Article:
Those six words out of Tiger Woods' mouth stuck with Kevin Hall for six summers, serving as motivation as he won the 2004 Big Ten championship, and again as he set off afterward on the Nationwide Tour, where he's made three starts.
Hall never heard Woods' words himself because he's been deaf since a bout of meningitis stole his hearing when he was a toddler. But he read his lips after Woods corrected his backswing at a golf clinic when Hall was 16.
And they've proved prophetic.
On Thursday, Hall will make his PGA Tour debut after getting a sponsor's exemption to play in the US Bank Championship at Brown Deer Park, the same course where Woods turned pro in 1996.
Hall's father, Percy, e-mailed his son on Monday with word that he should cancel his tee time at Beckett Ridge Country Club in Cincinnati because they had bigger things to do in Milwaukee.
``Dude, are you totally kidding me?'' Hall replied on his Sidekick. ``My first PGA tournament is THIS WEEK?''
``I couldn't believe it,'' Hall signed Wednesday. ``I was walking on air.''
So was Percy, who retired from his job as a meat cutter in 1999 to follow his son's fledgling career.
The PGA Tour couldn't find any other instances of deaf golfers in their records.
The 22-year-old Hall communicates with his caddie and playing partners by reading lips, writing in a notebook or typing sentences into his Sidekick, which combines a phone with e-mail, instant messaging, Web-surfing, a digital camera, a personal organizer and games.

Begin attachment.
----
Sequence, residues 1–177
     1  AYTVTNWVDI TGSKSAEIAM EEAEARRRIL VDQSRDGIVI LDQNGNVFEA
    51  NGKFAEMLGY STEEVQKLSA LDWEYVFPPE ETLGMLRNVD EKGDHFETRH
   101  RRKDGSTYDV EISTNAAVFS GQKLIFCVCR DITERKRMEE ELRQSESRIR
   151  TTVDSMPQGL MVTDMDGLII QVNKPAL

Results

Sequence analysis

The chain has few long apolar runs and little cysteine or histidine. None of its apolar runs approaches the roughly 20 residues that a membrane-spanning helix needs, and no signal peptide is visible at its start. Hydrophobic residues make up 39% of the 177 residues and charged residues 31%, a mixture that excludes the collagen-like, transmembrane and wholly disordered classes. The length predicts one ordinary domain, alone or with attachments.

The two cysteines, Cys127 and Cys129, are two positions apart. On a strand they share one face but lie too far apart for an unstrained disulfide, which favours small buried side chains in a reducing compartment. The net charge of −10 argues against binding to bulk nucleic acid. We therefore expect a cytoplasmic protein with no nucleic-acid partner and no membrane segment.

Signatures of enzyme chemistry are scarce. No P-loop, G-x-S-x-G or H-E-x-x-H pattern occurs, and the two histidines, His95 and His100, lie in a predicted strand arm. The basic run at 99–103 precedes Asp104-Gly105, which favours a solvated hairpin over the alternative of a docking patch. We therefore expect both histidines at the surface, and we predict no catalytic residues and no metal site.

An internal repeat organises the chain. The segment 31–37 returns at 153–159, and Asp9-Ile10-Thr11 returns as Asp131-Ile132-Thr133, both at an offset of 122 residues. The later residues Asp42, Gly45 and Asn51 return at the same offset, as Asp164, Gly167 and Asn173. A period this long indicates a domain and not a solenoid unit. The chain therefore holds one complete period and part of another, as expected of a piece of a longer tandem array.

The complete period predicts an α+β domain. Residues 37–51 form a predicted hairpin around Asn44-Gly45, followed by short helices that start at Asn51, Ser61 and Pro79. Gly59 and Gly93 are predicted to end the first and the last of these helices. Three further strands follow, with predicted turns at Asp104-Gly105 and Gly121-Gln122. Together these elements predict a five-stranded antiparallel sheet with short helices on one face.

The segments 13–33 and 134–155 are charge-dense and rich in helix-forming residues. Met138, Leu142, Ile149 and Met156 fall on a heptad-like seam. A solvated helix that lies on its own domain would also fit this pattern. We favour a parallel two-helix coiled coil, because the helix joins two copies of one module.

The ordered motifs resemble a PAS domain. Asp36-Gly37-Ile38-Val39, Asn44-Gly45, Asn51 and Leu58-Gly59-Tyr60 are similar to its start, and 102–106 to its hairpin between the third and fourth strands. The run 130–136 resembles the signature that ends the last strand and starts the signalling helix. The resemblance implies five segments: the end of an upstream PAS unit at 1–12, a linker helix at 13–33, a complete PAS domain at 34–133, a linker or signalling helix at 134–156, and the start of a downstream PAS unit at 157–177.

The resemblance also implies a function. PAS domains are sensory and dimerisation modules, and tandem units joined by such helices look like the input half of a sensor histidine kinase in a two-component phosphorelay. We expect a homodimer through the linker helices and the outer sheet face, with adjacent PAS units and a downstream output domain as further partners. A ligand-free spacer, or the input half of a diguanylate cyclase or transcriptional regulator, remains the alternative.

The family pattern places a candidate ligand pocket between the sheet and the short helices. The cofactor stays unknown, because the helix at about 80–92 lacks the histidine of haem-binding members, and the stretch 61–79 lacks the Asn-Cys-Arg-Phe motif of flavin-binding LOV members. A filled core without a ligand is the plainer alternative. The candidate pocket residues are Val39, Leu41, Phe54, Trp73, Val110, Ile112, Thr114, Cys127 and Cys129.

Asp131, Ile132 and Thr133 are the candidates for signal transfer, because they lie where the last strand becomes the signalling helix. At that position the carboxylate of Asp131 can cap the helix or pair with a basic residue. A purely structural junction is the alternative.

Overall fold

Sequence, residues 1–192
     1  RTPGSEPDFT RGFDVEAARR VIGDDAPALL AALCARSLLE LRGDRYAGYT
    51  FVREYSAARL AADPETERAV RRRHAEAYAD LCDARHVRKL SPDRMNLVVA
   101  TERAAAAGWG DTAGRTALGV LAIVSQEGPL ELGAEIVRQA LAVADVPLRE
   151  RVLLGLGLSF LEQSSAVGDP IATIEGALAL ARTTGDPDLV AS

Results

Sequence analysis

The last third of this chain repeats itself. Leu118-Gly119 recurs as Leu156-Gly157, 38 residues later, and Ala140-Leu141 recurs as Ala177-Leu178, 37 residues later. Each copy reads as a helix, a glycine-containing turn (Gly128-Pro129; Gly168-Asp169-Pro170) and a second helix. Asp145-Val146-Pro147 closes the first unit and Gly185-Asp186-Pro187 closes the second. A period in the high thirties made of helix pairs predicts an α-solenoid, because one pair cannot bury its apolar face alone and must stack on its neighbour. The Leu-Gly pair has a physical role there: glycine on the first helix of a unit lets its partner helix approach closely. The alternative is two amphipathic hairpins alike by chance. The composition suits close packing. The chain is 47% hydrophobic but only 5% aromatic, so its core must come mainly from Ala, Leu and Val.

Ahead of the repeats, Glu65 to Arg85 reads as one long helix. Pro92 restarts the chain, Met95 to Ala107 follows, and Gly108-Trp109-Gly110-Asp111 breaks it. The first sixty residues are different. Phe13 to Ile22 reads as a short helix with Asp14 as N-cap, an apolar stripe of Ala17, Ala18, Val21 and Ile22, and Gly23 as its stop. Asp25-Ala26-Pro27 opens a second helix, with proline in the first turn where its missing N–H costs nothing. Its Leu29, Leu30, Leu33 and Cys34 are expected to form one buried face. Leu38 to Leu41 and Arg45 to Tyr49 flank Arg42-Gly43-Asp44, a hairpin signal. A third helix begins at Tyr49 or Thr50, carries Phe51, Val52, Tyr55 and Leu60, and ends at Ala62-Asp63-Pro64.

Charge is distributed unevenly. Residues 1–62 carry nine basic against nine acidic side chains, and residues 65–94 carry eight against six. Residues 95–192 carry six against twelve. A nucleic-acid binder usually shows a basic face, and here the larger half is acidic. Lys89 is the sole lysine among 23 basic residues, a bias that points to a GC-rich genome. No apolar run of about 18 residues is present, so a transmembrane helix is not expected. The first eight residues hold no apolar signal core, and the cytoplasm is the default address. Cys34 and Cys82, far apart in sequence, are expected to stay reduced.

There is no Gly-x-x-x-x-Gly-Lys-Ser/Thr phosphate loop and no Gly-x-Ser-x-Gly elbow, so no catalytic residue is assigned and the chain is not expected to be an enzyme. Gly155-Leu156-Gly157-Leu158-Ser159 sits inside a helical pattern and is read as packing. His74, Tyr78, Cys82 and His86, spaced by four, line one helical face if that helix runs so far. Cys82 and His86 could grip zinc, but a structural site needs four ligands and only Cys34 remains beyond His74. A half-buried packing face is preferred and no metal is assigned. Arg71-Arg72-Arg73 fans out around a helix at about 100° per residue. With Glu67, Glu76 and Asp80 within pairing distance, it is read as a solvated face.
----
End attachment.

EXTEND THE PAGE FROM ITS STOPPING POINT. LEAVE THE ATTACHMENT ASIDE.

Hall said he's not handicapped by his disability, although one time in college he was penalized a stroke for picking up his ball because he didn't understand there had been a rule change for the tournament.
And there's actually some advantages on the golf course for being deaf, he said.
``I can't hear the distractions. I can't hear the airplanes,'' Hall said. ``But I still struggle with my mental game. Just the same as any other golfer.''
Hall said he knows he's ready to tee off with the pros because he has the same confident feeling he did before the Big Ten championship last year, when he coasted to an 11-stroke victory that gave Ohio State the crown.
``I believed in myself, that I could win. I knew it could happen,'' Hall said. ``So, from that point on, I believe in myself, I believe in my game, I believe in my skills and I know that I can do it.''
Hall lost his hearing at 2 1/2 after a monthlong battle with haemophilus influenzae meningitis. A year later, his parents enrolled him at the St. Rita School for the Deaf and later signed him up for baseball and bowling.
But they never gave golf a thought until a family friend asked if he could teach Hall the game.
One swing and he was hooked.
He participated in the Junior World tournament as a member of Tiger Woods' team for two years and his resume states he's the first African-American golfer to play on scholarship for Ohio State.
His parents will be in the gallery along with several friends. And if he makes the cut -- ``No, when I make the cut,'' he corrected -- several more will join him in Milwaukee for the weekend.
``If I can finish the tournament feeling good, that's successful,'' he said.
And he won't be bothered if fans flock to his threesome to point out the deaf golfer, either.
``If people identify me as a deaf golfer, that brings attention to the deaf community. And those people look up to me for motivation for themselves and their lives,'' he said.
``If they identify me as a deaf golfer, that's fine. Eventually people will identify me as just Kevin.''
A pro golfer, just like Tiger.
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